Venus Williams – you know, the Williams sister who somehow seems to hover slightly to the left of frame despite being ranked the number 12 female tennis player in the world, who has been plagued by injury for years, who seems kind of eclipsed by the mega wattage of sibling Serena – has a lot of people paying attention this week.
She doesn’t have a new boyfriend. She hasn’t lost a kilo or gained an orphan.
She’s simply announced she’ll return to play at Indian Wells this year after a 15-year absence. And she’s done it with one of the most beautiful essays about sisterhood you’ll ever read.
Venus is 35. Serena is 34. In 2001 the pair were due to clash in the semifinal at Indian Wells until Venus pulled out with a knee injury. The crowd reacted so viciously that the pair subsequently boycotted the event for more than a decade.
Venus’ essay in The Players’ Tribune reflects on the pain and hurt she felt that day. But it’s her honest, nuanced and heartfelt writing about Serena that will resonate with every older sister in the world, and likely with many of their siblings.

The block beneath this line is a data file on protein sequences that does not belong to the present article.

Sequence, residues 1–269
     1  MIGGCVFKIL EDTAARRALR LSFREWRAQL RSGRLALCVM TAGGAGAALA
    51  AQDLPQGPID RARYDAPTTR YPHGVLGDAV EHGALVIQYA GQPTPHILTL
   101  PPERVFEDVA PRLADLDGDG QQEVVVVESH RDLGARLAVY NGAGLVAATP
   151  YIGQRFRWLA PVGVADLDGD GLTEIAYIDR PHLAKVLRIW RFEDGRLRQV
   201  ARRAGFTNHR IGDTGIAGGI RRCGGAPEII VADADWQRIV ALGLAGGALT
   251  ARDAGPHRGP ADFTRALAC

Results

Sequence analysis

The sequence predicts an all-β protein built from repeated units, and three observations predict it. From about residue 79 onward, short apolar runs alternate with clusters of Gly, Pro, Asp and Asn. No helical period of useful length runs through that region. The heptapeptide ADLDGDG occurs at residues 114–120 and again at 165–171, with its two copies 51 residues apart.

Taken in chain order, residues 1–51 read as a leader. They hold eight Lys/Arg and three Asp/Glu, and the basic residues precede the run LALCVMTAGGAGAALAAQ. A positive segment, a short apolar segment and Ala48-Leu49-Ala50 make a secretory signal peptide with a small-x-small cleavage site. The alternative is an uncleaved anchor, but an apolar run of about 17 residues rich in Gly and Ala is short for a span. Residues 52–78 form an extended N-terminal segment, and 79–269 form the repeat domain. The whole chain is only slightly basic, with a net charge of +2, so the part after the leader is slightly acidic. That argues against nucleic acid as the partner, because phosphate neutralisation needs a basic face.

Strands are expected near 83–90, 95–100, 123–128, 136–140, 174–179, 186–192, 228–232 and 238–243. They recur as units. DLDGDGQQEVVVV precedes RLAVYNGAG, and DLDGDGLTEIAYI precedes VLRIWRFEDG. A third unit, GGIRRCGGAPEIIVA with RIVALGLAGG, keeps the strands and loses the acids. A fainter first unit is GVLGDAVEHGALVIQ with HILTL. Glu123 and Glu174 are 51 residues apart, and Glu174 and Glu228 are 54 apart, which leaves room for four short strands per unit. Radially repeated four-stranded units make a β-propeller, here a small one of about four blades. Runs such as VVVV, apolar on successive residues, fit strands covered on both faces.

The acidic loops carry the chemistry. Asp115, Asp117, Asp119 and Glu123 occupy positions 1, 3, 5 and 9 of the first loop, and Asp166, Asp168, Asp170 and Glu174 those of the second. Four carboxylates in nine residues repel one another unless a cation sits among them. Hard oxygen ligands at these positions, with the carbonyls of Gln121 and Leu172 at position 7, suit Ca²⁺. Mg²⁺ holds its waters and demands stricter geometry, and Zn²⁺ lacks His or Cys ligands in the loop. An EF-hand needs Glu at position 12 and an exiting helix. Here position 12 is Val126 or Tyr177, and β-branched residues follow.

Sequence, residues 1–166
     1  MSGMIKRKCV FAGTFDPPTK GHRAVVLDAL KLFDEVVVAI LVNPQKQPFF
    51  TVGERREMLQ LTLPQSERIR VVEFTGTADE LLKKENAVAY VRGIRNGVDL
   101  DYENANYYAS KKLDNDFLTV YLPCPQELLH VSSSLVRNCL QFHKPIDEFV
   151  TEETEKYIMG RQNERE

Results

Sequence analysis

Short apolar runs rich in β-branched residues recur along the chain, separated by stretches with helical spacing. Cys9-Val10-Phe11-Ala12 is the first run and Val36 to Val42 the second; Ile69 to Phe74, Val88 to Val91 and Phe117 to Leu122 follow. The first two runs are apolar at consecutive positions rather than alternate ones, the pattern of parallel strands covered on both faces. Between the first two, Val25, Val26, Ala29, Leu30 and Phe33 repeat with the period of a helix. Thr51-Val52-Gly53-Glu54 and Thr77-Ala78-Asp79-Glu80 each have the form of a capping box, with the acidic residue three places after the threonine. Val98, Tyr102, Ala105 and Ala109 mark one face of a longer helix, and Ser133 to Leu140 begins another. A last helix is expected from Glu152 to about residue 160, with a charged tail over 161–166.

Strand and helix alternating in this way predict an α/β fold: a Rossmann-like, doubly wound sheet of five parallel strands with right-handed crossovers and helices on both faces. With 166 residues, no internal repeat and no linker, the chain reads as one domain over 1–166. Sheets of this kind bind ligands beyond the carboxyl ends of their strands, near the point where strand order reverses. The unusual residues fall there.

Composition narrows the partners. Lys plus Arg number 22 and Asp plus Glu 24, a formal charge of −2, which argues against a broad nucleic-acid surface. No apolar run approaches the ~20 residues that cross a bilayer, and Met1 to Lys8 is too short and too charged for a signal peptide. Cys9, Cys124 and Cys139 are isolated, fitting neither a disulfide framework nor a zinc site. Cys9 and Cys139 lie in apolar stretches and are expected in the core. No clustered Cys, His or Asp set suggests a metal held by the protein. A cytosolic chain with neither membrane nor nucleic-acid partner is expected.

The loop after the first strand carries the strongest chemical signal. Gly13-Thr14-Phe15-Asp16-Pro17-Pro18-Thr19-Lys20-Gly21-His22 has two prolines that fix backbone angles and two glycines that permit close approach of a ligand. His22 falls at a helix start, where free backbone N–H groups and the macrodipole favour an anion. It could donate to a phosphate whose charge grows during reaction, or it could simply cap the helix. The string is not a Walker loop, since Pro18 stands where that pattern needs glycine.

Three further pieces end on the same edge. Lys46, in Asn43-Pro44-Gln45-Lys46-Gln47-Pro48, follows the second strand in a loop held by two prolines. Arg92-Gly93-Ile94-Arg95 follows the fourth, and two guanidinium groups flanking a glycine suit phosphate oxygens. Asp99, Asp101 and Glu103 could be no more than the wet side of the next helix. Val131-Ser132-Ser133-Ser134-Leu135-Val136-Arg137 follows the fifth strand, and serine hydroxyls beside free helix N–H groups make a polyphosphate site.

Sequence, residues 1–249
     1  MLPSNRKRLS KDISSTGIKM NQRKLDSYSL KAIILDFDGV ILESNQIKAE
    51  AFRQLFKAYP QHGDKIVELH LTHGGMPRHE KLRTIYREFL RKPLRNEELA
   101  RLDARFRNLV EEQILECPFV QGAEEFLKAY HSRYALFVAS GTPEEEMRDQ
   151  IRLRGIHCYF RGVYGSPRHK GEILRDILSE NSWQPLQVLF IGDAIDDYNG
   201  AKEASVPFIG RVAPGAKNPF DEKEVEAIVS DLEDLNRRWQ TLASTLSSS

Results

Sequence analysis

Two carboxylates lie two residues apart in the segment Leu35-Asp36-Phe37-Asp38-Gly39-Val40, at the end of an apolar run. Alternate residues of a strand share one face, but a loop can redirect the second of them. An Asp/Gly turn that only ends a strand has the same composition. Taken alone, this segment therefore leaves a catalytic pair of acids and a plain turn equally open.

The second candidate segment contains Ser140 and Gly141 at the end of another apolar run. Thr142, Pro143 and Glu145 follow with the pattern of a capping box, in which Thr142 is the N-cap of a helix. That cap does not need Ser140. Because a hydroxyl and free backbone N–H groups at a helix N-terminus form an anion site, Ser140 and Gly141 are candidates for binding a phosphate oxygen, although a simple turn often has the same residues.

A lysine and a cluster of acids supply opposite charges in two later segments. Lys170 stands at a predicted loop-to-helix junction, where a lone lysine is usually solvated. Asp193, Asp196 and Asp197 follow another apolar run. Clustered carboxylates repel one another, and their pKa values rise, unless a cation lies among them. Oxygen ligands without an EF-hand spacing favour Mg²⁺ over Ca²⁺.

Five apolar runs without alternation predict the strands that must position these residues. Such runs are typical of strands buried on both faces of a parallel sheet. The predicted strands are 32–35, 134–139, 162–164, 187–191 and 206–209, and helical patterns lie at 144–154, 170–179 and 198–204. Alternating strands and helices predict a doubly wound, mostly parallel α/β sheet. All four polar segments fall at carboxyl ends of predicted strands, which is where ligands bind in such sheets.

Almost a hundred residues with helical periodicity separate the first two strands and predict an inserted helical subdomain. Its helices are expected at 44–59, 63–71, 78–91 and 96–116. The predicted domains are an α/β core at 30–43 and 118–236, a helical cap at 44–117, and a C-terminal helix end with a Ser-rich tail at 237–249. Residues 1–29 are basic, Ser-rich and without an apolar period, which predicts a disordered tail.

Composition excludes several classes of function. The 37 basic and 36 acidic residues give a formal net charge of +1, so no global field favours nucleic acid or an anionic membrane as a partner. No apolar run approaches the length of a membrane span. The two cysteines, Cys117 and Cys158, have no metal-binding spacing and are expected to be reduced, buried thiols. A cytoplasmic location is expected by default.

“Being someone’s big sister means being strong for them,” she writes.
“And sometimes “being strong” means, yes, being strong. But other times — more often than not — it really just means being there. It means being there, when needed, no matter what.”
Like Venus, I’m an older sister. There are only two of us – mine is five years younger.
She’s a little bit funnier than me. She’s a lot more extroverted than me. She reckons she’s ‘the pretty one’ – but we both know that’s not true (don’t we, sis?).
I can only vaguely remember what it was like without her, and sure, the time mum found five-year-old me bashing her basinette against the wall as hard as I could – with tiny-baby her in it – has become the stuff of family legend.
But the truth of it is, I can’t imagine life without her.
What Venus has explained so brilliantly is the complexity of being a bigger sister. Of being the first to do things, though of course in Venus’ case, the ‘firsts’ are larger than any ordinary life.